Hastings International and Comparative Law Review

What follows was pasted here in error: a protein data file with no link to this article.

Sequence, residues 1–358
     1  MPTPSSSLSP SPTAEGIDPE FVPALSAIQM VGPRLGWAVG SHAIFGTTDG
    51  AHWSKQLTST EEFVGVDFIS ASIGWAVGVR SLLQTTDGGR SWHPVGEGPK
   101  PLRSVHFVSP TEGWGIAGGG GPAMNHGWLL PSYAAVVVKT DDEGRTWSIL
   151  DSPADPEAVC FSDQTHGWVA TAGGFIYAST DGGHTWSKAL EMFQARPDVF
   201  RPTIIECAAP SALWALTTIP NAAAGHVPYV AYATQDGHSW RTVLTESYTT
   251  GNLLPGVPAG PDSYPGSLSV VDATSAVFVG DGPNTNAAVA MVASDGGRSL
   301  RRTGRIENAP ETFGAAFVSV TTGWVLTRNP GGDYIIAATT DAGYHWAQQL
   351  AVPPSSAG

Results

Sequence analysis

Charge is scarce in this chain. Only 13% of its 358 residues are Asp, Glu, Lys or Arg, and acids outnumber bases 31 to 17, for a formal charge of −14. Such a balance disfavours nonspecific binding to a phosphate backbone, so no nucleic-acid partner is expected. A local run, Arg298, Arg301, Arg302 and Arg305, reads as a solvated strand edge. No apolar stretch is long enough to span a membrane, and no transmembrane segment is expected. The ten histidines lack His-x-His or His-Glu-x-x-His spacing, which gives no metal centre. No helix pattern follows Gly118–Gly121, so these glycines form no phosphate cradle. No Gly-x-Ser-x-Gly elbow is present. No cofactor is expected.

This Article analyzes the way federal courts conduct their superiority inquiries on motions for class certification in transnational class actions. Opt-out class actions under Rule 23(b)(3) conflict with an important premise of legal systems around the world, namely, that one cannot be bound to a judgment unless one affirmatively participated in the lawsuit. Federal courts sometimes either decline to certify the class or exclude foreign class members from the class because of the risk that the courts of foreign countries will not enforce the class action judgment. This Article argues that the current approach inefficiently exposes the parties to costly litigation and risk. In order to efficiently achieve the purposes of Rule 23, courts should exclude foreign class members when it is unclear that foreign courts would enforce the judgment. This solution would efficiently avoid the inconsistent results that the current approach has generated and is further justified in light of the emerging mechanisms for settling and litigating mass claims in Europe. This Article highlights the Dutch Collective Settlement Act of 2005 as one such mechanism that has already had a significant impact on transnational class action litigation.